ADVERTISEMENT

ADVERTISEMENT

LET Walz campaign not believable

Thanks to recent Post-Bulletin reporting, we now know that the attempt to remove Gil Gutknecht from the ballot had the following timeline:

June 1994, Gil Gutknecht files his candidacy by petition for the first time. He does this again and again over the next 12 years. During that time, not once does it occur to anybody to interpret the law as requiring the signatures to be collected over a two-week window. Not his opponents. Not the state DFL. Not the secretary of state. No one.

July 2006, DFL challenger Tim Walz looks into filing by petition. His campaign misinterprets the law. They think they have to collect their signatures in two weeks. When Gil Gutknecht submits his signatures, they are "astounded" and think Gutknecht has broken the law.

Early August 2006, a 77-year-old man from Elgin, supposedly without connection to any campaign, just happens to read the obscure laws about filing by petition. Though no one has done so before, this man just happens to misinterpret the law in the exact same way as Tim Walz. Then he just happens to get connected with a Walz contributor to serve as his attorney when he files a lawsuit to keep Gutknecht's name off the ballot.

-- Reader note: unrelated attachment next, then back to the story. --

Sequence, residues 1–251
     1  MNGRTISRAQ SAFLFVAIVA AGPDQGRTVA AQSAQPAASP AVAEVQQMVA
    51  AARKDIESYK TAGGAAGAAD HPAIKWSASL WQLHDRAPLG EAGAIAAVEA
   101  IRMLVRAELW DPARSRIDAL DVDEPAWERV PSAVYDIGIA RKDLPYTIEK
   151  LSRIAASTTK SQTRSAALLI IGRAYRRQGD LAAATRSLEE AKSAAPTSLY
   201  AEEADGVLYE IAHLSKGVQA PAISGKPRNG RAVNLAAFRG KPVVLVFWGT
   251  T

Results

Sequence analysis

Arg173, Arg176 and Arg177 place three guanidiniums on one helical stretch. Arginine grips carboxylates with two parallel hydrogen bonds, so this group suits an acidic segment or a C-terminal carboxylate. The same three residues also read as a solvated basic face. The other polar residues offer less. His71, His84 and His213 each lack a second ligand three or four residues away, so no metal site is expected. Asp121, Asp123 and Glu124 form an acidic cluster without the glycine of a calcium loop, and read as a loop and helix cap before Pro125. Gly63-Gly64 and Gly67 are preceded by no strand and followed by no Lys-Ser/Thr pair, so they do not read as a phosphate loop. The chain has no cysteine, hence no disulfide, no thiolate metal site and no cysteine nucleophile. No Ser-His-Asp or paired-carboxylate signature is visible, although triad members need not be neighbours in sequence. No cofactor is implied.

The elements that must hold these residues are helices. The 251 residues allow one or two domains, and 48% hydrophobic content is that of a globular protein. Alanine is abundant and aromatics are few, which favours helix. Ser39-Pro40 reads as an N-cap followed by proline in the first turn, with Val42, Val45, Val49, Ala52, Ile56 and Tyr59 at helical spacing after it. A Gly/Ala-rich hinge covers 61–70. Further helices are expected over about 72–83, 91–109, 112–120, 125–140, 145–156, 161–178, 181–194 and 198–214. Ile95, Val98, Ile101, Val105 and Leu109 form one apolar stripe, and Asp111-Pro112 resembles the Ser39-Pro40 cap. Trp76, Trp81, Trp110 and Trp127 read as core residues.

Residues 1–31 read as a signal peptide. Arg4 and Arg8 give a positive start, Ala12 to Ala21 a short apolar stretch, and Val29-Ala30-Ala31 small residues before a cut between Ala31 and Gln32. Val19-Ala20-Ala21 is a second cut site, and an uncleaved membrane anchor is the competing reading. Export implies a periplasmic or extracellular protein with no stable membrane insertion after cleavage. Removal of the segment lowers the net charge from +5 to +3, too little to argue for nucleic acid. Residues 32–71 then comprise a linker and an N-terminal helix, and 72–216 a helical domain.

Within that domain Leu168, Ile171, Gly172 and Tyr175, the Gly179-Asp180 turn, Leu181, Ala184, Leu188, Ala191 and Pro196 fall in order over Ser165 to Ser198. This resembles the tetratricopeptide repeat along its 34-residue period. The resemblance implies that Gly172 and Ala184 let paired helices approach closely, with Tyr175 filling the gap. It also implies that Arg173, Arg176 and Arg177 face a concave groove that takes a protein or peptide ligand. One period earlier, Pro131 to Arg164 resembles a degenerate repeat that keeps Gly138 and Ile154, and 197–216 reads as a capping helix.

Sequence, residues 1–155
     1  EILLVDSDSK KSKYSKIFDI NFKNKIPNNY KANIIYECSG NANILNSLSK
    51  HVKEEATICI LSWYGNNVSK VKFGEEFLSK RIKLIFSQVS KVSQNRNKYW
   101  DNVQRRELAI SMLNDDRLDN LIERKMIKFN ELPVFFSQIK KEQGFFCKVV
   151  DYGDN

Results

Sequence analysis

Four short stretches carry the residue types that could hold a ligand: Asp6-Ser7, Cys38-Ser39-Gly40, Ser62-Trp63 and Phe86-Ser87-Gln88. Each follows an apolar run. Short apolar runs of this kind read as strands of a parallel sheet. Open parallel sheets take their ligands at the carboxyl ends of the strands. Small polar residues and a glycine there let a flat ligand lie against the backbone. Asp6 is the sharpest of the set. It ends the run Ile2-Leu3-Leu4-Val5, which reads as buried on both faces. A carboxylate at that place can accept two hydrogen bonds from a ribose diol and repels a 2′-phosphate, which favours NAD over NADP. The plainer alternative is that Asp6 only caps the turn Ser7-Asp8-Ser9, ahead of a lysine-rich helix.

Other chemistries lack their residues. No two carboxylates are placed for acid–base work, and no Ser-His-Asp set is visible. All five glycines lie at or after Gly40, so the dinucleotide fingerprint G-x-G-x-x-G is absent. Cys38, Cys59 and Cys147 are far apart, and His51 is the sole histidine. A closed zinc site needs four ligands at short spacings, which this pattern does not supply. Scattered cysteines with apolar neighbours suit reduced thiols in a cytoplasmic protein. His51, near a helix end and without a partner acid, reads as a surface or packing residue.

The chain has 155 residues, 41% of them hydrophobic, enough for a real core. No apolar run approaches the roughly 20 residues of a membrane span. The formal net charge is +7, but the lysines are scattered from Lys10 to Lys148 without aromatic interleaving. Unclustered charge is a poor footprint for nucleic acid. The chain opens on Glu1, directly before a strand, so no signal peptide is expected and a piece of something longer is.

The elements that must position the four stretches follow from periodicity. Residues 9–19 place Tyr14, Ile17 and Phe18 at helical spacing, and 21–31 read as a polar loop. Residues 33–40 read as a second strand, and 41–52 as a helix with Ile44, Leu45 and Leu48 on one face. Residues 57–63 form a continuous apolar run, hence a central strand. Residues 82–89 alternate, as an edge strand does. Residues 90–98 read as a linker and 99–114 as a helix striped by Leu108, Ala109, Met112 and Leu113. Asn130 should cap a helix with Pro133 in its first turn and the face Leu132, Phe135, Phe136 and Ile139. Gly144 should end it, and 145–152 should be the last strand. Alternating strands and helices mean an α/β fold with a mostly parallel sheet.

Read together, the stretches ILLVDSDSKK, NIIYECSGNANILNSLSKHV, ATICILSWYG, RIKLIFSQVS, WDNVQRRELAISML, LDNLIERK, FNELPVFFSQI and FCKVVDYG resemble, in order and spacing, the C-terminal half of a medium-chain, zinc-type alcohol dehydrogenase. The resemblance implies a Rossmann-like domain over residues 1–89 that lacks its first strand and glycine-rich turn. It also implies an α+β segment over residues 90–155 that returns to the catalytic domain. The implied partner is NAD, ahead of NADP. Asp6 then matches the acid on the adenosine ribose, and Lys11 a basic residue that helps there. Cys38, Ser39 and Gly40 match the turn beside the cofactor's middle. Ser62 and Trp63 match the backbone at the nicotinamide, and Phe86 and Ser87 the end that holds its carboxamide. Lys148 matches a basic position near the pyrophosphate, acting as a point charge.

Mid-August 2006, Tim Walz denies any involvement.

ADVERTISEMENT

Looking at that timeline, it''s hard to believe Tim Walz.

Harold; Carlson

Rochester;

What To Read Next
Fundraising is underway to move the giant ball of twine from the Highland, Wisconsin, home of creator James Frank Kotera, who died last month at age 75, 44 years after starting the big ball.